Another thing I do way later is even out the number of pages in each of my chapters. I learned this while writing Soul Jumper. I’d have one chapter that was 5 pages long and another that was 18 pages long. Now, when I’m close to finishing a draft I’ll go through and count my pages. I end up with a range so that each chapter is between 10-14 pages or whatever that count ends up being. While I do this, I make notes in my notebook about what each chapter still needs, what I need to research, or I make a check mark indicating that the chapter is done. It’s basically a t-chart with the chapter number on one side, and the page count and notes on the other side.
I definitely believe that there is such a thing as too much planning. Each person should write in a way that works for them. However, if your goal is to finish and publish a book then don’t fall into the trap of spending months making notes about your main character’s favorite color and how they take their coffee. Those are fun things that you can play with later. Focus on the things that will move your story forward and on finishing your draft.
If you could tell your younger writing self anything, what would it be?
To start sharing my writing sooner! I spent years not sharing my writing and that isn’t the way to get better. I see young kids now posting their stuff all over the internet and I think that’s amazing. There are so many platforms now to post stories on and they don’t have to be stories that you plan to publish either. Just get your stuff out there, let people read it and get their feedback.
What’s the most difficult thing about writing characters from the opposite sex?
This is a fun one, because I actually struggle more writing characters from the same sex. In Soul Jumper, my main character is male and in The Man Before You readers get both perspectives. There are times when I have no clue how a male would react to something, and in that case, I ask. I ask friends, or my husband, or one of my brothers. I have made a lot of phone calls to males in my life saying, here’s the scenario, now what would you do? This makes it easy on me, because I have multiple men telling me how to handle the situation. It takes some of the pressure off.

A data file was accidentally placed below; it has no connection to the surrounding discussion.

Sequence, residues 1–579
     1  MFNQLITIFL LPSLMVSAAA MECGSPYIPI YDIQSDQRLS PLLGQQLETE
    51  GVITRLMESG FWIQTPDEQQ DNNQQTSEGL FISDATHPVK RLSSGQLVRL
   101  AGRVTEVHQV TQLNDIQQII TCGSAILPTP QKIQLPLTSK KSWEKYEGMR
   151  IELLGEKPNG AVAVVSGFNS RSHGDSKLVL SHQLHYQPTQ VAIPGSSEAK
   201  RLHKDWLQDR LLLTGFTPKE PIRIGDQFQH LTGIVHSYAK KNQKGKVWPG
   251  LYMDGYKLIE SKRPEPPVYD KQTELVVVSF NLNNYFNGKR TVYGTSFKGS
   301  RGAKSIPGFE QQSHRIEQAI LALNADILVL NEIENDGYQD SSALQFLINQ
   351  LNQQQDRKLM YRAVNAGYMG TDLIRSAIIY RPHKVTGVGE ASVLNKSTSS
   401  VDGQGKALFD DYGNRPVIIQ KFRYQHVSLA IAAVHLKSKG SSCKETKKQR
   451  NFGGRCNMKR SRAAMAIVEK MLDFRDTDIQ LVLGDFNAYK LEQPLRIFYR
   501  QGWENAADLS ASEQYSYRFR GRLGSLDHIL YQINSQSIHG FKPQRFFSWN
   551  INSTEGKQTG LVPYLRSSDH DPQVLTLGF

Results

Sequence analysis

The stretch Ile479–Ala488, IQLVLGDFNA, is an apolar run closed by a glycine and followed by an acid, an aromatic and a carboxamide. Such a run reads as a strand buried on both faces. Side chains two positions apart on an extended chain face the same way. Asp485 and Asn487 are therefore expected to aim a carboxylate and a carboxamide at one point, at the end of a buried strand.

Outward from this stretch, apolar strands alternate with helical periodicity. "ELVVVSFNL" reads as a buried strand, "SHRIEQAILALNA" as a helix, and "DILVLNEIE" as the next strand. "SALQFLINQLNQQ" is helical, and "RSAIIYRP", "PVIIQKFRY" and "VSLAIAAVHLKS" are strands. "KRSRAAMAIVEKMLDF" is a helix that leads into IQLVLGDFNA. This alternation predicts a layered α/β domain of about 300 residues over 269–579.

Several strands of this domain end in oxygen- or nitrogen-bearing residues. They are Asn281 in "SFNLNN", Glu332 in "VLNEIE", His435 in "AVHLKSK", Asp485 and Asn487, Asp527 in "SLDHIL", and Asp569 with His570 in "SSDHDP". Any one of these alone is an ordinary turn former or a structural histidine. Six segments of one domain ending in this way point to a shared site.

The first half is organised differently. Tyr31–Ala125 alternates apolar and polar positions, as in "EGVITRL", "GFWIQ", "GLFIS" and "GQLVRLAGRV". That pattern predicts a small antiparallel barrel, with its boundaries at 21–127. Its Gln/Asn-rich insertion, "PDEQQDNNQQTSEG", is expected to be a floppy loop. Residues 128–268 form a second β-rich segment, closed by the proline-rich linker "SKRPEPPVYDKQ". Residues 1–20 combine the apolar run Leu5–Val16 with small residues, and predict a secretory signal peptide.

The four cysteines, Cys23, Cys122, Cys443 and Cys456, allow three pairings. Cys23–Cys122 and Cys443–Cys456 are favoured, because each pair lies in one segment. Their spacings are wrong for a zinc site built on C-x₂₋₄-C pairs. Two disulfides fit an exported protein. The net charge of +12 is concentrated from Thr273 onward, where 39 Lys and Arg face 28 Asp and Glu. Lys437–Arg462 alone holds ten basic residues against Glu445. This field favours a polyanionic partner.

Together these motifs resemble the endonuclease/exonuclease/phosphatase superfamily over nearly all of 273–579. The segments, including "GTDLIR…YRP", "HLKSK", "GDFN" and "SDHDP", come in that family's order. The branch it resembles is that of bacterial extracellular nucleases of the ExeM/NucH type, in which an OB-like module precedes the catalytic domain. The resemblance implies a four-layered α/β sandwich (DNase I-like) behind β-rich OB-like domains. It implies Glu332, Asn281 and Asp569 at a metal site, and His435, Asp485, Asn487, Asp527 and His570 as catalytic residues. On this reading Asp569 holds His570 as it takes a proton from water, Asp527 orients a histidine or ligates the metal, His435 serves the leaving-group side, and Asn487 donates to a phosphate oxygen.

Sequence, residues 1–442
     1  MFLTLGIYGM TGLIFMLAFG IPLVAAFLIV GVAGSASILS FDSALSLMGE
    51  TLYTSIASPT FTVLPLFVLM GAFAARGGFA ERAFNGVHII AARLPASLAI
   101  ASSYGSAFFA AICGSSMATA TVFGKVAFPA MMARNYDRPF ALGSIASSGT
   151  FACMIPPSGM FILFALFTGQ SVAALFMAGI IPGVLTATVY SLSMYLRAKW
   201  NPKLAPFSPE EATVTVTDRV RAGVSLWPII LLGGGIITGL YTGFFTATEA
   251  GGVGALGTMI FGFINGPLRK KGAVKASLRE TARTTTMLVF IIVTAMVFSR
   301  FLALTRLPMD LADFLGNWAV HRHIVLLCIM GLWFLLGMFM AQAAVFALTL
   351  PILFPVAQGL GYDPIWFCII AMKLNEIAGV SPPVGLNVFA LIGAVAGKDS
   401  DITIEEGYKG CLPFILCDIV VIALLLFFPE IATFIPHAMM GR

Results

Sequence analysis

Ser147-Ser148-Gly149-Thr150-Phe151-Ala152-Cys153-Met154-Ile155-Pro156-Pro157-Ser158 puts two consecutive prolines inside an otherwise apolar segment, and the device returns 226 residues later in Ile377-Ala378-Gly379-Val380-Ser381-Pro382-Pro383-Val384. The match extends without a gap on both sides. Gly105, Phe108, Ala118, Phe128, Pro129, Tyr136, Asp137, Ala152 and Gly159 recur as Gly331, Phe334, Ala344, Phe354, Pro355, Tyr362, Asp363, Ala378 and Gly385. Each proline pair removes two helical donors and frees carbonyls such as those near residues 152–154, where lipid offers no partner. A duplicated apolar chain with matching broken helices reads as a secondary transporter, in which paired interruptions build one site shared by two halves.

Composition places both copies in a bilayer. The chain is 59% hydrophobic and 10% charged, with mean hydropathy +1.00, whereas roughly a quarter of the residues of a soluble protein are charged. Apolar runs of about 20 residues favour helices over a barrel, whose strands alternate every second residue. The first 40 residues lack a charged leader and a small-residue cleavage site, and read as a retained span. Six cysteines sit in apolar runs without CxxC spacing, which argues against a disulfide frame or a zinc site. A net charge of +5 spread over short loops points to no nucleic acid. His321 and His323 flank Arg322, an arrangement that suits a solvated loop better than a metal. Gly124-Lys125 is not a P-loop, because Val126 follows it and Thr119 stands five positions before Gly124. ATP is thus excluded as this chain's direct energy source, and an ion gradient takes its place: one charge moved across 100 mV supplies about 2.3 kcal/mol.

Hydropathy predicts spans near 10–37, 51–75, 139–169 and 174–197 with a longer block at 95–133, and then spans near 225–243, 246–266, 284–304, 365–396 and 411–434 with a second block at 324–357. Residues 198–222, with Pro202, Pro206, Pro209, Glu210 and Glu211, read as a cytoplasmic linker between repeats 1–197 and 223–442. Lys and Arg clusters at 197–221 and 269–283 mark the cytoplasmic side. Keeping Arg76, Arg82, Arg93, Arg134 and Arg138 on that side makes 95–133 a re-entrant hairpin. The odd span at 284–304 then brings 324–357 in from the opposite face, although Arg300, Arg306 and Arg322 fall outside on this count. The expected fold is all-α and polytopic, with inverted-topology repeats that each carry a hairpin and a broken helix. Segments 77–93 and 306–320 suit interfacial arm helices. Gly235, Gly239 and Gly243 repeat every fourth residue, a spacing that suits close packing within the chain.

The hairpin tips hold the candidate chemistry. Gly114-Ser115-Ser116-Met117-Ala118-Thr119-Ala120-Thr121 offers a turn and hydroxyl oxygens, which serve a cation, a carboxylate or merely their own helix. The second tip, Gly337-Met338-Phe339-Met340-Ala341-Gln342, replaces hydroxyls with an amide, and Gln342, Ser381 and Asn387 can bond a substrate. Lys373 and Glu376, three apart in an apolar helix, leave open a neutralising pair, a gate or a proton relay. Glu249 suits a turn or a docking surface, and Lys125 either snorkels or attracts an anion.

In general, I just tend to gravitate toward writing male characters. The Grand Mesa Men series is going to be told from the point of views of each of Jesse’s sons. I may include the female main character as well, but I’m still deciding on that. I can’t really explain why, but males are just easier for me to write.
When I’m writing females, I think I tend to overthink it because I know that not all women are going to react to something the same way I will. The way I feel about something doesn’t speak for all females. For some reason that makes me struggle so much more, because I want to attack it from as many angles as possible. It sounds silly, but I question myself way more when writing same sex characters.
Do you believe in writer’s block?
I do to an extent. I know from experience that there are times when I have to step away from a scene because I’m stuck. I don’t know what to do next. Where I’m probably different is I don’t step away from the whole story. I will write a note at that spot in bold that tells me what I need there and then I move on. I skip over that part and keep writing. Eventually, the scene comes to me and I can go back and fill it in. The difficult part here is that sometimes that scene affects things after it and I’ll have to make changes to pieces that I wrote when I skipped that part. It’s worth it to me to make a few small changes, instead of just stopping completely for hours or days until my brain can process that section. So, yes, I think writer’s block is real, but no I don’t think it has to halt the entire draft.